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Virtual event

Regulating for algorithm accountability: global trajectories, proposals and risks

Exploring how we can ensure that algorithmic systems and those deploying them are truly accountable.

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Date and time
7:00pm – 8:00pm, 3 December 2020 (GMT)
Location
Virtual event

The Ada Lovelace Institute, the Institute for the Future of Work and international experts in algorithm accountability to explore how we can ensure that algorithmic systems and those deploying them are truly accountable. The event surfaces different global approaches, discusses them in relation to their governance landscapes, explores possible risks and considers regulatory options.

Watch the event in full below:

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Co-chairs

  • Carly Kind

    Director, Ada Lovelace Institute
  • Anna Thomas

    Director, Institute for the Future of Work

Speakers

  • Benoit Deshaies

    A/Director, Data and Artificial Intelligence, Office of the Chief Information Officer, Treasury Board of Canada Secretariat
  • Albert Fox Cahn

    Executive Director of Surveillance Technology Oversight Project and participant in the New York City Automated Decision Systems Task Force
  • Helen Mountfield

    Principal of Mansfield College, Oxford and Chair of the Institute for the Future of Work’s Equality Task Force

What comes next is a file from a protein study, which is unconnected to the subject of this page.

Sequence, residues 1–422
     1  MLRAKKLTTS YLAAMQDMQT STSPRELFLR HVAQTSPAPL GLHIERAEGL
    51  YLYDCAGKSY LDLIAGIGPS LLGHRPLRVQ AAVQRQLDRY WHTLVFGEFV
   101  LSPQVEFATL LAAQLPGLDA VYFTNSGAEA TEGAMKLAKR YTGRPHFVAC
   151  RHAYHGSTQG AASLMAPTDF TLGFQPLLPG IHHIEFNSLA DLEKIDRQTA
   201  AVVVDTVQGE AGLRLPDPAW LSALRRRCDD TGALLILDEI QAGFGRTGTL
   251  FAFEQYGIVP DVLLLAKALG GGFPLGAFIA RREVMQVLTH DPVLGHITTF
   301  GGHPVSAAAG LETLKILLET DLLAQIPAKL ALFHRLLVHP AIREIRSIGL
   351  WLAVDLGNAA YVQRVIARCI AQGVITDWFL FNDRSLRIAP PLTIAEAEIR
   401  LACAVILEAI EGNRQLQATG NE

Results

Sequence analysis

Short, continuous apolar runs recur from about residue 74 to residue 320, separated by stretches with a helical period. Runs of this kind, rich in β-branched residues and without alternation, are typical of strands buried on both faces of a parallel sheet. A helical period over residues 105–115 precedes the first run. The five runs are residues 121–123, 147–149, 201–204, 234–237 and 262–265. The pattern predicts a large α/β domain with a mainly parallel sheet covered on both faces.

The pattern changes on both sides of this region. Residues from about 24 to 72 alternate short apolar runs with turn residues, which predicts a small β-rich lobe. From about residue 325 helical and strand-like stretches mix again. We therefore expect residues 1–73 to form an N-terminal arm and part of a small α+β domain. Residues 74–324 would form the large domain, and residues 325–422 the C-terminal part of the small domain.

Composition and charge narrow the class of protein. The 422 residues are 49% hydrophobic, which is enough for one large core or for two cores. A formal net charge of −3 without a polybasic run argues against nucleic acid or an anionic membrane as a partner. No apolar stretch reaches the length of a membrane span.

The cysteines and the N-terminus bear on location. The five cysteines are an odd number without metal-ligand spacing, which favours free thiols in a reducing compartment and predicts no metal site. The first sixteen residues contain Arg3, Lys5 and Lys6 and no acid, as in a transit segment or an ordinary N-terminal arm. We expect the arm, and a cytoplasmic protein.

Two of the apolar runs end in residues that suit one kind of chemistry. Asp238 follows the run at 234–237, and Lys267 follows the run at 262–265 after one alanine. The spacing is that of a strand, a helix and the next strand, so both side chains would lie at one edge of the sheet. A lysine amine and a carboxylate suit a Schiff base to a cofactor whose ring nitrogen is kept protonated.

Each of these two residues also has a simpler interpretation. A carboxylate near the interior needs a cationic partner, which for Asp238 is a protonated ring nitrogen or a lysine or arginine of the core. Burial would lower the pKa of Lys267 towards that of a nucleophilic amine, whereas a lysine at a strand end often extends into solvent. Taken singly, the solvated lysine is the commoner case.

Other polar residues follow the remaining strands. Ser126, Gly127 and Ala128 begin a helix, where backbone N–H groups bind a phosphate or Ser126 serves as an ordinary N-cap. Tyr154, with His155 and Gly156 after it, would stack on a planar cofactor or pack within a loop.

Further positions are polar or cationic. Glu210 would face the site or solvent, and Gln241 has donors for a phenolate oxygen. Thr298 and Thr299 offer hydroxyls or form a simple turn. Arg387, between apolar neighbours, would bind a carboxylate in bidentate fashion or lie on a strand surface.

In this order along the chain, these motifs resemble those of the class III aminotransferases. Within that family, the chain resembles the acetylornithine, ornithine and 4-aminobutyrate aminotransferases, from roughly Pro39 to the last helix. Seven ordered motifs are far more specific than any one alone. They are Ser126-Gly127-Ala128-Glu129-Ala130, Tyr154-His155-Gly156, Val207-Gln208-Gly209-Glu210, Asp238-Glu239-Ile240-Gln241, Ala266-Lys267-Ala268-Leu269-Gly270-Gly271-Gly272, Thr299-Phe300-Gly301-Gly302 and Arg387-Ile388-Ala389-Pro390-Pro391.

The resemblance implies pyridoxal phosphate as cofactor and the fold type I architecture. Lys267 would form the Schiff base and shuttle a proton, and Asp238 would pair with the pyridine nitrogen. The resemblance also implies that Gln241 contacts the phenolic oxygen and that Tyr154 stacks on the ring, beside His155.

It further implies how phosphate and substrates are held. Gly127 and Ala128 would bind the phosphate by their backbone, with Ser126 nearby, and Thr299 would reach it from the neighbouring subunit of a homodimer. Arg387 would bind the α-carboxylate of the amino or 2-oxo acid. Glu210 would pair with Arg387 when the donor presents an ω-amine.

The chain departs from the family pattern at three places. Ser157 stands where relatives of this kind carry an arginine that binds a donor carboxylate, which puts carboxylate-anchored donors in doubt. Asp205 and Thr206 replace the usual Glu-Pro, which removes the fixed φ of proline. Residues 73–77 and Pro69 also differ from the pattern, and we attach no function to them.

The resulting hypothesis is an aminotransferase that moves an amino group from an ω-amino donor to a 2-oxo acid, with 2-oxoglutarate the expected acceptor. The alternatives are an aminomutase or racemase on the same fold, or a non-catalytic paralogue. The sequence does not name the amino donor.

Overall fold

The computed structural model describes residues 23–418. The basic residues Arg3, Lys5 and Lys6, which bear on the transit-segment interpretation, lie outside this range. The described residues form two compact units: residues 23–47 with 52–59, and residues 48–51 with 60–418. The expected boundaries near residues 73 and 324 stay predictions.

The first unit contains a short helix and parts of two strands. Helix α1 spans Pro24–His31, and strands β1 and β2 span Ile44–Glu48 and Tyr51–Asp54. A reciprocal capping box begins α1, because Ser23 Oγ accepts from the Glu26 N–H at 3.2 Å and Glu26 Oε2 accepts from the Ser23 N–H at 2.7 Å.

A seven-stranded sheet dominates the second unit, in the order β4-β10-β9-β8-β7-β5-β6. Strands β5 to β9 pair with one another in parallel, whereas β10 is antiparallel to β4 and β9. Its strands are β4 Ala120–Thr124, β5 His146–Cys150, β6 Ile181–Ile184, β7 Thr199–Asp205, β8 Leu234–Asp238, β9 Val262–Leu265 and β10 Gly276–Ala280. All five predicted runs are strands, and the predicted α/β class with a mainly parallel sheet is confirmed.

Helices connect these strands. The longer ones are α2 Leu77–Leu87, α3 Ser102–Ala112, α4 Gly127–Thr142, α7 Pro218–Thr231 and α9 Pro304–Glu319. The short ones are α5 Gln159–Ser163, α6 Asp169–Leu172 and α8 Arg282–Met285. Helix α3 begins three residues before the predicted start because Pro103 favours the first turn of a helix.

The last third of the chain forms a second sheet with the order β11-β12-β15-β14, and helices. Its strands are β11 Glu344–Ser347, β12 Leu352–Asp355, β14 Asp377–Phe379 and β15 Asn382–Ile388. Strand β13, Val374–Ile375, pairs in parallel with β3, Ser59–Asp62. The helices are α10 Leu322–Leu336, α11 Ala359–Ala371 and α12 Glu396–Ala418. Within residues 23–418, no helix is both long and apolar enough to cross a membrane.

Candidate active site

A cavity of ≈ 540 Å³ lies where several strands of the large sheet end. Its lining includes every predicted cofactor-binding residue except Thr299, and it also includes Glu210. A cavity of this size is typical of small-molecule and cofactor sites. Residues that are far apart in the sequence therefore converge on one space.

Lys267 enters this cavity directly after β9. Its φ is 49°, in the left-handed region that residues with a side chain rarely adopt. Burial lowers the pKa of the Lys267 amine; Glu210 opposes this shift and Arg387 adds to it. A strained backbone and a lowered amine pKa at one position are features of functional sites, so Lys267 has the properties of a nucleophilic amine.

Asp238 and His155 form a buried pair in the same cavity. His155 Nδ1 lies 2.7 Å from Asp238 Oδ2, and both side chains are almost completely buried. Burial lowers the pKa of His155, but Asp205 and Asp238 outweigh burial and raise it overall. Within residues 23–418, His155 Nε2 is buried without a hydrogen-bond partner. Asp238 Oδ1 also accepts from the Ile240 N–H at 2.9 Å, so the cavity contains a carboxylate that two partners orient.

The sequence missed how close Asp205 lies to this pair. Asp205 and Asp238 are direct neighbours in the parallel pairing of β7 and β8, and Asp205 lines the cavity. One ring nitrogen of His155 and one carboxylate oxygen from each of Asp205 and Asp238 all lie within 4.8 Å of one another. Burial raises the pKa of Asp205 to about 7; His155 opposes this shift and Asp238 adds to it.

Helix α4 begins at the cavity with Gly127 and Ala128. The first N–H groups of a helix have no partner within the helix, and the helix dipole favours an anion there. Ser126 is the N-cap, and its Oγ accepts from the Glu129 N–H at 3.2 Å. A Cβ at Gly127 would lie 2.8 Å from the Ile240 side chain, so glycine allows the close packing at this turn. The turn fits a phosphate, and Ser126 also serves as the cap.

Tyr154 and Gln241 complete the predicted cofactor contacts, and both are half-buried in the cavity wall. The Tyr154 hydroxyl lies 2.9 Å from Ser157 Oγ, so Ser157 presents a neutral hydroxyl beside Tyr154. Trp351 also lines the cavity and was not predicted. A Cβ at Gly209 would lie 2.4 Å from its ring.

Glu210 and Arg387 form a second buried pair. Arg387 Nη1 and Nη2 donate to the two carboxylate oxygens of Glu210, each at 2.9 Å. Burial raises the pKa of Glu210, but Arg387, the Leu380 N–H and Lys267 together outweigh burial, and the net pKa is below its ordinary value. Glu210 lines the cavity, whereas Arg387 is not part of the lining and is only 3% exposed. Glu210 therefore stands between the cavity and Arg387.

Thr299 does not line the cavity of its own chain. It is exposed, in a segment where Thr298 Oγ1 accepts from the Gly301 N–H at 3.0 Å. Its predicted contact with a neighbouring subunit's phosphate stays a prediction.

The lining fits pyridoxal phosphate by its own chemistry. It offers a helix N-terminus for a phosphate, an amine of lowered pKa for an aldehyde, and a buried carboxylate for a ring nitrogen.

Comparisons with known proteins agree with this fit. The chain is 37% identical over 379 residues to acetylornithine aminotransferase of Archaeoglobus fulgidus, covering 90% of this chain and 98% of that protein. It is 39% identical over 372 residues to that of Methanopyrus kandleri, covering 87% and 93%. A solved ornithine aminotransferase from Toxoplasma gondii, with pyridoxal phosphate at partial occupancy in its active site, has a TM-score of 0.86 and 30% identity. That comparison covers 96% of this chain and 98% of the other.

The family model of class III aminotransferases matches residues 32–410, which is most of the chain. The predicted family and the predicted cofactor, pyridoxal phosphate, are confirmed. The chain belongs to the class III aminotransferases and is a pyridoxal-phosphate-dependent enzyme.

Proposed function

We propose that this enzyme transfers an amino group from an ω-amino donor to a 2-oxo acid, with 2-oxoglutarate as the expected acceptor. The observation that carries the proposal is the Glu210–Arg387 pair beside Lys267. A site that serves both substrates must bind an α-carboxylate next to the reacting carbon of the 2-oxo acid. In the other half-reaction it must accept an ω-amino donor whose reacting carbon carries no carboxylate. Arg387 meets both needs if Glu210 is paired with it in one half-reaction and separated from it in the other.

• Craig Jones

    Deputy Chief Executive, Data System Leadership group, New Zealand

The extensive use of algorithmic decision-making in all domains of social life requires specific accountability mechanisms and regulations that ensure meaningful redress. This is an especially hard task when little information on the algorithms in use is available in the public domain and their implementation rational, and the organisations ultimately responsible for their functioning, remain opaque.

While there is little consensus over what approach to take, countries across the world have started designing and applying different mechanisms to boost algorithm accountability.

In 2018, New York City launched a Task Force to make recommendations on how the city should manage automated decision-making systems. Earlier this year, New Zealand issued an Algorithmic Charter to be deployed in case of high-risk applications. Canada has developed a model of Algorithmic Impact Assessment, a scorecard that helps identify the level of risk of an algorithm and mitigation factors. More recently, the UK Institute for the Future of Work’s Equality Task Force has released a report highlighting gaps in legal protection and mechanisms for accountability, and calling for new legislation: an Accountability for Algorithms Act.

The Ada Lovelace Institute, the Institute for the Future of Work and international experts in algorithm accountability surface key concerns and relate them to the governance and regulatory landscapes of different national contexts. In this event we ask:

  • How do we ensure that algorithmic systems and the agencies and organisations deploying them are truly accountable? Is new regulation necessary?
  • What can we learn from the different approaches in New Zealand, Canada and New York City?
  • How do they relate to their respective regulatory and administrative contexts?

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